Amazon Aurora
User Guide (API Version 2014-10-31)

Using the Performance Insights Dashboard

The Performance Insights dashboard contains database performance information to help you analyze and troubleshoot performance issues. On the main dashboard page, you can view information about the database load. You can also drill into details for a particular wait state, SQL query, host, or user.

Opening the Performance Insights Dashboard

To see the Performance Insights dashboard, use the following procedure.

To view the Performance Insights dashboard in the AWS Management Console

  1. Open the Amazon RDS console at https://console.aws.amazon.com/rds/.

  2. In the navigation pane, choose Performance Insights.

  3. Choose a DB instance. The Performance Insights dashboard is displayed for that DB instance.

    For DB instances with Performance Insights enabled, you can also reach the dashboard by choosing the Sessions item in the list of DB instances. Under Current activity, the Sessions item shows the database load in average active sessions over the last five minutes. The bar graphically shows the load. When the bar is empty, the DB instance is idle. As the load increases, the bar fills with blue. When the load passes the number of virtual CPUs (vCPUs) on the DB instance class, the bar turns red, indicating a potential bottleneck.

    
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    The following image shows the dashboard for a DB instance.

    
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By default, the Performance Insights dashboard shows data for the last 60 minutes. You can modify it to display data for the last 5 minutes, 60 minutes, 5 hours, 24 hours, or 1 week. You can also show all of the data available. The Performance Insight dashboard automatically refreshes with new data. The refresh rate depends on the amount of data displayed.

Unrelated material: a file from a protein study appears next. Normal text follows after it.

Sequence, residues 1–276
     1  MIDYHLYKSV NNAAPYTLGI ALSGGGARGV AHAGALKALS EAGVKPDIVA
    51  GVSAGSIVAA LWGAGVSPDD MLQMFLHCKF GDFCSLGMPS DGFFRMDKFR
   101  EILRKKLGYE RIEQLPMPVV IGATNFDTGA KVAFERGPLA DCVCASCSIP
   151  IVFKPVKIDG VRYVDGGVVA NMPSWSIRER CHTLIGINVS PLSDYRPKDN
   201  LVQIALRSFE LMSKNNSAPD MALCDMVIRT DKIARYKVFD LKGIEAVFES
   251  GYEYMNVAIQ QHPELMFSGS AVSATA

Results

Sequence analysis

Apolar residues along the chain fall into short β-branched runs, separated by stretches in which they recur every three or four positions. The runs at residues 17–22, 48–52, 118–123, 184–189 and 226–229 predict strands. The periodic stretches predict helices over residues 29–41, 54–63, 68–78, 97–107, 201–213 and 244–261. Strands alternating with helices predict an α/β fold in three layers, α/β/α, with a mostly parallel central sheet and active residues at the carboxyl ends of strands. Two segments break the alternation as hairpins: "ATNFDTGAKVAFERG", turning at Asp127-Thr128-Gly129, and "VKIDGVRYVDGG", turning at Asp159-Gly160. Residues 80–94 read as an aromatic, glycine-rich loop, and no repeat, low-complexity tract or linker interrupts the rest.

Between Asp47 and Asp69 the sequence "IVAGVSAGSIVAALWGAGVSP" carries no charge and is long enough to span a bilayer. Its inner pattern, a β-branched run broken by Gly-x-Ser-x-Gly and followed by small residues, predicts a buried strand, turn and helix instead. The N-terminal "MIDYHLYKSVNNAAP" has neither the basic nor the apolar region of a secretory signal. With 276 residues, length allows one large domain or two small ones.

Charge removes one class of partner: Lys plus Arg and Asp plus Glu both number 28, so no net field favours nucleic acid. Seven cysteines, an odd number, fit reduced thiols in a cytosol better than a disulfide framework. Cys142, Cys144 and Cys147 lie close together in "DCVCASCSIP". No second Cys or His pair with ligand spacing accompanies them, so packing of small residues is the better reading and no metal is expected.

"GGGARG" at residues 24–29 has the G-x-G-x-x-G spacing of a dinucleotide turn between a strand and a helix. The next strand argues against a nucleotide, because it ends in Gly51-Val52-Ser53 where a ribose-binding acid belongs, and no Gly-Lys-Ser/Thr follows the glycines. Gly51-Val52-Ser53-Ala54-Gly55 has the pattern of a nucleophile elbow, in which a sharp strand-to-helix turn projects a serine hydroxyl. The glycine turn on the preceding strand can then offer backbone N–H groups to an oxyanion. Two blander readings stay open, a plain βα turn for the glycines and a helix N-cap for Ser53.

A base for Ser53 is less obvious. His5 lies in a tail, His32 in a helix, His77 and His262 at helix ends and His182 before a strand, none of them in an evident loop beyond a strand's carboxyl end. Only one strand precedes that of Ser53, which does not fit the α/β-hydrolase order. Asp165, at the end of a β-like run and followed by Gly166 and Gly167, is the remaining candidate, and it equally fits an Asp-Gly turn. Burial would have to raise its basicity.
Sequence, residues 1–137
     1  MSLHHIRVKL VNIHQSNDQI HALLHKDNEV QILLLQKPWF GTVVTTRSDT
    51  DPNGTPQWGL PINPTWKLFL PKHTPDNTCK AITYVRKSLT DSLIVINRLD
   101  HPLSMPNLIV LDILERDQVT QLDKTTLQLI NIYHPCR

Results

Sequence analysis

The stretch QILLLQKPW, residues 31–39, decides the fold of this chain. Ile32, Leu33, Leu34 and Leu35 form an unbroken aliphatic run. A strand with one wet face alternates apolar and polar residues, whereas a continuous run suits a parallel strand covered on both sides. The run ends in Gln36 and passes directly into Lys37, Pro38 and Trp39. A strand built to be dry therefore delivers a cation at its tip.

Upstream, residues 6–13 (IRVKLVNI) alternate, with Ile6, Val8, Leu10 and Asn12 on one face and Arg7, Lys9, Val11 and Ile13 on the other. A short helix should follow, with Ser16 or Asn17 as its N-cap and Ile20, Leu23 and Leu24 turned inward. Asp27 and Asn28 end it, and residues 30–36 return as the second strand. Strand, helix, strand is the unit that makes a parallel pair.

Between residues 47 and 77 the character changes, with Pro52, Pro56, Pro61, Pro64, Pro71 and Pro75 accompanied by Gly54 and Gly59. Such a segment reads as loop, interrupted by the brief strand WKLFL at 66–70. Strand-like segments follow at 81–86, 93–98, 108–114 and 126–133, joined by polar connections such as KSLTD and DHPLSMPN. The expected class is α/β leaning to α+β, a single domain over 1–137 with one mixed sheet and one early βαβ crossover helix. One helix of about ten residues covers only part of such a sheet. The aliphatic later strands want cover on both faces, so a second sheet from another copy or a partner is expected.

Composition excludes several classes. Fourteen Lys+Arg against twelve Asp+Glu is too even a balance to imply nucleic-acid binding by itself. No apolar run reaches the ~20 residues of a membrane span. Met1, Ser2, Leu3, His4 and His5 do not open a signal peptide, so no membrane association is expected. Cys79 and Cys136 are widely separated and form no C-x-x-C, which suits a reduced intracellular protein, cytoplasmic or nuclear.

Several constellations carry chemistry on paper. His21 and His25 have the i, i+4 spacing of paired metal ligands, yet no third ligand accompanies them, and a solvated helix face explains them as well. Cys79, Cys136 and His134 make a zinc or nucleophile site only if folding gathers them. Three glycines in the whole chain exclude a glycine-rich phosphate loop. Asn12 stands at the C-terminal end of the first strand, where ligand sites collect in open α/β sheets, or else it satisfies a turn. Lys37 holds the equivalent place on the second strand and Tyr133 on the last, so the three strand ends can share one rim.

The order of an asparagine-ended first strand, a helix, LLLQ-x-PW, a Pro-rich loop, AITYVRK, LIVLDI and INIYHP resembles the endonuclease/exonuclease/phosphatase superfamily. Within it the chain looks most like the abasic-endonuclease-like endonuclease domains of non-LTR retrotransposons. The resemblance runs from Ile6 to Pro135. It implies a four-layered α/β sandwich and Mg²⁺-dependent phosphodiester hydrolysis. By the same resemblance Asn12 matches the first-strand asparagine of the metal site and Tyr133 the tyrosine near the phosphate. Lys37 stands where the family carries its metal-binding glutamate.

• 5 Minutes refreshes every 5 seconds.

  • 1 hour and 5 hours both refresh every minute.

  • 24 hours refreshes every 5 minutes.

  • 1 week refreshes every hour.


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Performance Insights Dashboard Components

The dashboard is divided into two parts:

  1. Average Active Sessions chart – Shows how the database load compares to DB instance capacity as represented by the Max CPU line.

  2. Top load items table – Shows the top items contributing to database load.

Average Active Sessions Chart

The Average Active Sessions chart shows how the database load compares to DB instance capacity as represented by the Max CPU line. By default, load is shown as active sessions grouped by wait states. You can also choose to display load as active sessions grouped by SQL queries, hosts, or users instead.


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To see details for any item for the selected time period in the legend, hover over that item on the Average Active Sessions chart.


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Top Load Items Table

The Top Load Items table shows the top items contributing to database load. By default, the top SQL queries that are contributing to the database load are shown. Queries are displayed as digests of multiple actual queries that are structurally similar but that possibly have different parameters. You can choose to display top wait states, hosts, or users instead.